Bettie Serveert has been making pretty lovely pop music for years. Staying under the radar of both the mainstream and indie circles, they have toured extensively and released several very good records, all with little recognition. Bare Stripped Naked, their new “unplugged” CD/DVD package, probably will not push them to the stardom they probably deserve. But for the band’s fans, it is a nice package that shows off a different side of the band. For listeners new to the band, it is a nice acoustic record for the days when you really want to listen to nice acoustic music.
Lead singer Carol Van Dyk’s vocals have always been the most distinctive trait of the band. With a slight resemblance to Chrissie Hynde, her voice is quiet and airy, cutting through and around the music. In the stripped down atmosphere of this acoustic album her voice takes center stage. And it does not disappoint.
The opening song is “Roadmovies”, a lush track with soft guitars and Dyk thoughtfully singing, “I guess that’s what they call ‘in solitude’ / When there’s no one here to tell the answers to.” “The Storm” is another highlight. The music rises in crescendo while Dyk’s vocals strain to keep up, plaintively wondering, “How do you deal with all this hurt? / You fail to see hypocrisies.” “Painted Word” shows the band, and Dyk, at their most playful. The music jumps and starts, Dyk sings “Reminiscing every day / How do I always seem to get my way / You better tell me” with handclaps in the background, and everything feels so fun. The album ends with “Certainlie”. The song’s crunching guitars and Dyk’s urgent vocals is a change from the gentleness of the rest of the album.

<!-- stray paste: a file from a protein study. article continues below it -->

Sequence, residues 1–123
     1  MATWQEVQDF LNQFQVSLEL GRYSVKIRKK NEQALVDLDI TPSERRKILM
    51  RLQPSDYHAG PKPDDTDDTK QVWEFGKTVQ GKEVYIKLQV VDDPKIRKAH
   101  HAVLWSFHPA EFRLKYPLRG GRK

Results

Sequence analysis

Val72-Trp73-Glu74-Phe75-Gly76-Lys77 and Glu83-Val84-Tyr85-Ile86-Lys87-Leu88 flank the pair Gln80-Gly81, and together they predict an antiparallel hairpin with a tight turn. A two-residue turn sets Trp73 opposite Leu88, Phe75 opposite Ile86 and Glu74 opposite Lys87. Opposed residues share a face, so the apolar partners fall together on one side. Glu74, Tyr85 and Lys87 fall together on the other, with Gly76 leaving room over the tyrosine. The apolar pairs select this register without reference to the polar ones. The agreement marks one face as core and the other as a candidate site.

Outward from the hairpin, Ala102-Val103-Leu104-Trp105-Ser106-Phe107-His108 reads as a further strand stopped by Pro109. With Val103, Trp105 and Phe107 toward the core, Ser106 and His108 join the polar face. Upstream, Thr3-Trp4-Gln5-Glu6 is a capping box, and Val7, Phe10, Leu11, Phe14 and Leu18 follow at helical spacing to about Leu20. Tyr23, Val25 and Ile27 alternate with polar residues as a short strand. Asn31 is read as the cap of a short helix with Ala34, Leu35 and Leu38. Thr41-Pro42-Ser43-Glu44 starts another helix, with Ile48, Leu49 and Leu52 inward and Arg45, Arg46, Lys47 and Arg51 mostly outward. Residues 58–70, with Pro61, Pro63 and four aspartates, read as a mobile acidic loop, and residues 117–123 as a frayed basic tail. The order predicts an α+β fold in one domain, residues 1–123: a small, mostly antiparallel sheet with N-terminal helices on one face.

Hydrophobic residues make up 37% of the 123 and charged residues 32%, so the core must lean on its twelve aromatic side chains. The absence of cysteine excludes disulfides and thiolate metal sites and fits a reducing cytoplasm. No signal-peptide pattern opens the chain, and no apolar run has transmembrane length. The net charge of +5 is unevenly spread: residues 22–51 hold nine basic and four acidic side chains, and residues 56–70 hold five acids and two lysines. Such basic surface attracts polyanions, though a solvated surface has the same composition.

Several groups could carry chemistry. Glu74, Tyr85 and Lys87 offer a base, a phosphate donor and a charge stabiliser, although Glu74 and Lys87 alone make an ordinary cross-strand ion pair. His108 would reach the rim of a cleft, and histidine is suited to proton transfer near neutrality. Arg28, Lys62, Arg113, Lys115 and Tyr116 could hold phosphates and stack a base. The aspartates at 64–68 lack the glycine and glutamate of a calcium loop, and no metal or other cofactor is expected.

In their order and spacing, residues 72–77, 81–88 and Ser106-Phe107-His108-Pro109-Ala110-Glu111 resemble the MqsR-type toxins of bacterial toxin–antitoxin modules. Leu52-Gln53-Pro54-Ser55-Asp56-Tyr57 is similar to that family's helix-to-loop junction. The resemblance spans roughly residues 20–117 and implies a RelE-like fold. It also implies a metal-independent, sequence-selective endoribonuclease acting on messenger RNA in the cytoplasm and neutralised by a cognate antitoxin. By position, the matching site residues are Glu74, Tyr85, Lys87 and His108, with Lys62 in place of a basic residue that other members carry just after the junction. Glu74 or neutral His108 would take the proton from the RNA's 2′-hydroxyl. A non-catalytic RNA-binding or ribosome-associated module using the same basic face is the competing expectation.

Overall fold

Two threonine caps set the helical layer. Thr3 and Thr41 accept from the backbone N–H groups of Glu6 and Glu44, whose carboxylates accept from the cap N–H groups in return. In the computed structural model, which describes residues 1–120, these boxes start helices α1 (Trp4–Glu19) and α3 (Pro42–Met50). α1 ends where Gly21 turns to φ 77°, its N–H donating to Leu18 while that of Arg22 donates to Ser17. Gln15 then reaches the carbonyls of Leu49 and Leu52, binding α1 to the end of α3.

The accompanying DVD contains a lovely little concert by the band. The between-song banter seems to be in Dutch, which is either endearing or frustrating depending on how much you really want to hear the banter. Shot in a haze with tight camera work, the footage focuses on the band and creates an intimate atmosphere. Highlights include a rendition of “Tom Boy” with a banjo highly prominent, a sweet cover of “Stephanie Says” by the Velvet Underground, and the band’s noted rendition of “Lover I Don’t Have to Love”, heard on The OC . Whereas the original Bright Eyes version is urgent and intense, Bettie Serveert’s feels more plaintive, giving the song a bittersweet feel. The DVD also includes some nice candid footage of the band, which ought to delight the hardcore fans.
Bettie Serveert is going to, presumably, release more records and give many more concerts. And presumably they will do this in continued obscurity, with a small contingent of dedicated fans and some casual listeners in tow. Bare Stripped Naked is nothing earth-shattering. Rather it is just another good album of good songs from a good band that any music listener can find pleasure in.
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